Once again, Augusta, Georgia, finds religious controversy swirling about.
The big story last August was when the Freedom From Religion Foundation warned the city that its mayor and employees should not be sponsoring prayer breakfasts because government sponsored religion is unconstitutional — and now those pious events are called "The Community Prayer Breakfast" and are privately sponsored.
Now, a proposed tax increase has some pastors howling about Satan's dark intentions. In trying to fill a $1 million budget hole created in part by a statewide tax break for local manufacturers, the Mayor Pro Tem first suggested slashing church exemptions as a way to make up for less funding from the state.
"I'm not surprised at that," remarked Rev. K. B. Martin with the Augusta Baptist Ministers Conference to News Channel 12, "because it's really more of a satanic move. It's part of the movement to destroy the church and then you want to ask the question, why is society in the shape that it's in?"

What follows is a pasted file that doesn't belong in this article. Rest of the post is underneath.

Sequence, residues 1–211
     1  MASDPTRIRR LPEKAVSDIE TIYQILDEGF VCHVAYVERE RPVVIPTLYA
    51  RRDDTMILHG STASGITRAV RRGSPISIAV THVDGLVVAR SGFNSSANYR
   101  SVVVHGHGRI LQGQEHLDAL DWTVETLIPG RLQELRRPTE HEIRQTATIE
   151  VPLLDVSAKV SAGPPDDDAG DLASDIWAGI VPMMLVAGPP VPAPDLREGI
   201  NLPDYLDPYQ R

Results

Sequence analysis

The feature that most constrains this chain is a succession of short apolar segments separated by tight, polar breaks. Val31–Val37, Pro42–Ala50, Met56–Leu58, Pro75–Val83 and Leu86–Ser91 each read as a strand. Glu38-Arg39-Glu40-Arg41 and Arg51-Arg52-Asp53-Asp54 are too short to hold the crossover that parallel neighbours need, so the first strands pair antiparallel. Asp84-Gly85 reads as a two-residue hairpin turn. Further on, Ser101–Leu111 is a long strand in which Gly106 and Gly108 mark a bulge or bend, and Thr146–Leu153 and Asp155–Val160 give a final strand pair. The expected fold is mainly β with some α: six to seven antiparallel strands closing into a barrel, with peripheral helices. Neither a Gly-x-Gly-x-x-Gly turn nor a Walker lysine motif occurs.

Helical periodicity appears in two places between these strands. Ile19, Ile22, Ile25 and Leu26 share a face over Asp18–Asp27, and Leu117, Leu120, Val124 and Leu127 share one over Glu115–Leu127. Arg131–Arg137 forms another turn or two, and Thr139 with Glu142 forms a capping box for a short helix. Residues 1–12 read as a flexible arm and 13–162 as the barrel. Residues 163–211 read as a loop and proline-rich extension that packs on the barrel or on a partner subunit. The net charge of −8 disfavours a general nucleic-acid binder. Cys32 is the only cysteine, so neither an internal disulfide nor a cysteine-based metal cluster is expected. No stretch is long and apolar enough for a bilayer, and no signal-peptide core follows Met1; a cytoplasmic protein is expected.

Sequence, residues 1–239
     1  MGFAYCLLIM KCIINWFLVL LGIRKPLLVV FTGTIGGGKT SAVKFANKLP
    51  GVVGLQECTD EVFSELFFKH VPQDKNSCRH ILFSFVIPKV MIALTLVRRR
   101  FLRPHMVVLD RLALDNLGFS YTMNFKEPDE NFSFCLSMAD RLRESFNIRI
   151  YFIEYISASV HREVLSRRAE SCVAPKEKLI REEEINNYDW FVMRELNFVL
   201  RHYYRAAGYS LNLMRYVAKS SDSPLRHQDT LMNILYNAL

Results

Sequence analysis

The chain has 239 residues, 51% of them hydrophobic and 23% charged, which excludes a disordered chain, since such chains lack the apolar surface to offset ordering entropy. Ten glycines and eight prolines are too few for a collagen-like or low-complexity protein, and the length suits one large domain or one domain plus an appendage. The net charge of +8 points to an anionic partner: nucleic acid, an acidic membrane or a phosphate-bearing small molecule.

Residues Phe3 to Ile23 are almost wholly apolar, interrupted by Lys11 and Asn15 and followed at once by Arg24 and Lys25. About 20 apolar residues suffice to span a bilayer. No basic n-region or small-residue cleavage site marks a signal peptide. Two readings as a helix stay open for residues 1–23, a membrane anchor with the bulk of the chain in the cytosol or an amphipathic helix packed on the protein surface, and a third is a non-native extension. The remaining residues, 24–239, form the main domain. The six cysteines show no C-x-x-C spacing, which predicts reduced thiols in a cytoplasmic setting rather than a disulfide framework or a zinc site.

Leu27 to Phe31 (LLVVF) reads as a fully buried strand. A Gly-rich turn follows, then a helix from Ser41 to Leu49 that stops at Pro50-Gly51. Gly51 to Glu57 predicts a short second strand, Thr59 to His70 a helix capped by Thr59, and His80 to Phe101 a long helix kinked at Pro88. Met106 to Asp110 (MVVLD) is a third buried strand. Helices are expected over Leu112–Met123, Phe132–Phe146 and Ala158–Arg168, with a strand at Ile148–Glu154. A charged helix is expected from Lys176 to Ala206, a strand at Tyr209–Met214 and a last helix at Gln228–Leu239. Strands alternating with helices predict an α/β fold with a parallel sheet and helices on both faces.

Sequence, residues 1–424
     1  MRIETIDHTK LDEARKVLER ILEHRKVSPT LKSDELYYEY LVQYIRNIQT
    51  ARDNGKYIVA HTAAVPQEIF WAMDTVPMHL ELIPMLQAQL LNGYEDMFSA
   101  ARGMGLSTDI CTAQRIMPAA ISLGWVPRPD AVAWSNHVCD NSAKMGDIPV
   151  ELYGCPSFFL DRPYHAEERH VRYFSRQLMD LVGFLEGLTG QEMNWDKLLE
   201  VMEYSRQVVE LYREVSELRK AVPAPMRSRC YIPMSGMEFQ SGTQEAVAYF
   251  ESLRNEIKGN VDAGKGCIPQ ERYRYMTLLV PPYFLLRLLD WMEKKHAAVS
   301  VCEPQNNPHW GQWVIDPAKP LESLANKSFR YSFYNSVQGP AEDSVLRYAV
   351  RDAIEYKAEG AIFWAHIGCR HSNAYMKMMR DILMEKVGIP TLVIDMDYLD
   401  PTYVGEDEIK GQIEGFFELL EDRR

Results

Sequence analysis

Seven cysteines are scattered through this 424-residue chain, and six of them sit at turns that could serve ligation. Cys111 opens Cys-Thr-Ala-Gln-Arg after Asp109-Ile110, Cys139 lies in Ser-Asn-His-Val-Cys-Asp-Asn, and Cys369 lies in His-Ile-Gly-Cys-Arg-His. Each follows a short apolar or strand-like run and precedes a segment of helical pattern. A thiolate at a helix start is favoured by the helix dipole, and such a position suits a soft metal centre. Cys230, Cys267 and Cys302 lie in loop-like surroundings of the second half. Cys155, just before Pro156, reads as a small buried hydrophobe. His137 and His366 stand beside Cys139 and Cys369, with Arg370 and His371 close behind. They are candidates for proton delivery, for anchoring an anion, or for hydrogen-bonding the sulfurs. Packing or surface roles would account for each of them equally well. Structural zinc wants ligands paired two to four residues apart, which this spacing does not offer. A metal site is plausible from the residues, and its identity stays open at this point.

Joe Bowles, the Mayor Pro Tem, retorted, "You know, racist preachers have their own opinions, and I sleep well at night."
Commissioners are looking at other ways beyond church taxes to make up for revenue, such as franchise fees on manufacturers, which Bowles says is actually a tax and defeats the purpose of the tax break that would encourage business.
Nationwide, church tax exemptions account for billions of dollars, contributing to city and state budget deficits. Over the last decade, church-related tax exemptions shaved off $145 billion from tax collections.
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